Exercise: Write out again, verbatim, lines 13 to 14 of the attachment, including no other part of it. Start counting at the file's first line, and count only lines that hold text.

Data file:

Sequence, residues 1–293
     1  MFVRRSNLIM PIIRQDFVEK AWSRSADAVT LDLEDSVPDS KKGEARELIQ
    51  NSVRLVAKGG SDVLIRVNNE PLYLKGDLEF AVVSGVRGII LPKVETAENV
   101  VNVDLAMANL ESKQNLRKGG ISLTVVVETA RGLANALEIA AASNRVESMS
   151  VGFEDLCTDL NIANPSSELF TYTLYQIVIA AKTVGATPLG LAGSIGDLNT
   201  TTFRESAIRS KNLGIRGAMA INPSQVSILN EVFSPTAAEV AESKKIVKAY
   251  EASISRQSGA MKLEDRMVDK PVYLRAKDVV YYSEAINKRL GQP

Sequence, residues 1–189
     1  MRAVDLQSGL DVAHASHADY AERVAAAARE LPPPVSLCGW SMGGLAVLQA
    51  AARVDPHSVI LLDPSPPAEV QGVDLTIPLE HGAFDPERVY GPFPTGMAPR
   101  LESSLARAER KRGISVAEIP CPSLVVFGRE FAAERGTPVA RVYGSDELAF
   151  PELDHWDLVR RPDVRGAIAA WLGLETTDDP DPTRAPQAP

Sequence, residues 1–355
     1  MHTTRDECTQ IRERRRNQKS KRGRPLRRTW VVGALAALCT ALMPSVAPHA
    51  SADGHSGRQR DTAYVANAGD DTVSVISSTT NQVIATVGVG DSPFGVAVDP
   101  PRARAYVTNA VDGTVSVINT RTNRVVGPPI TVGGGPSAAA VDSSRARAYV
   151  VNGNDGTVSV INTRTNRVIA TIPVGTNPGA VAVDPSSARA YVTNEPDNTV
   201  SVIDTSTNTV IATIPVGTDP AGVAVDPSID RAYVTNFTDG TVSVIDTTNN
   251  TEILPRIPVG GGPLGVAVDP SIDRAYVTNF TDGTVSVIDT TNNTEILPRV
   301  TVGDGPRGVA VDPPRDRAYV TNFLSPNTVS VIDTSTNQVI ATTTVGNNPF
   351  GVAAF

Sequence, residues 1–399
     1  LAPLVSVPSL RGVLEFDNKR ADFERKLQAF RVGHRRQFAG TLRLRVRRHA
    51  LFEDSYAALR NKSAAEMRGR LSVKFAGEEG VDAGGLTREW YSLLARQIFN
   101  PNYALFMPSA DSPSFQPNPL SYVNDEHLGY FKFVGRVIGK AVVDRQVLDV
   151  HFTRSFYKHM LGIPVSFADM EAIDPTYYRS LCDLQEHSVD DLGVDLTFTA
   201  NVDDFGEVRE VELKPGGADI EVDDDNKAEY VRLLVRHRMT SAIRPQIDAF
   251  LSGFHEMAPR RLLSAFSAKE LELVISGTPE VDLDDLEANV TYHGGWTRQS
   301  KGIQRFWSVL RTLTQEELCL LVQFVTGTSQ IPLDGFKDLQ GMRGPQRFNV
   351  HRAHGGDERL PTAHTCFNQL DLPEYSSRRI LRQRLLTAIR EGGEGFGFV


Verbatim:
Sequence, residues 1–355
     1  MHTTRDECTQ IRERRRNQKS KRGRPLRRTW VVGALAALCT ALMPSVAPHA